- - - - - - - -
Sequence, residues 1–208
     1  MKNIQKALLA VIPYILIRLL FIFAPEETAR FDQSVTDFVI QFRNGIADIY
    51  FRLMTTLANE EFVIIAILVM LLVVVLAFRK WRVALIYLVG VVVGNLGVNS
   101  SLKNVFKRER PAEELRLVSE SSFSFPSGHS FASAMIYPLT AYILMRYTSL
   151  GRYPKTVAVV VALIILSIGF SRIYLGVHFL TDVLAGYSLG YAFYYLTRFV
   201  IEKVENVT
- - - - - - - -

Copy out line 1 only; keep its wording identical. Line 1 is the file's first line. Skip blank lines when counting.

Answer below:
Sequence, residues 1–208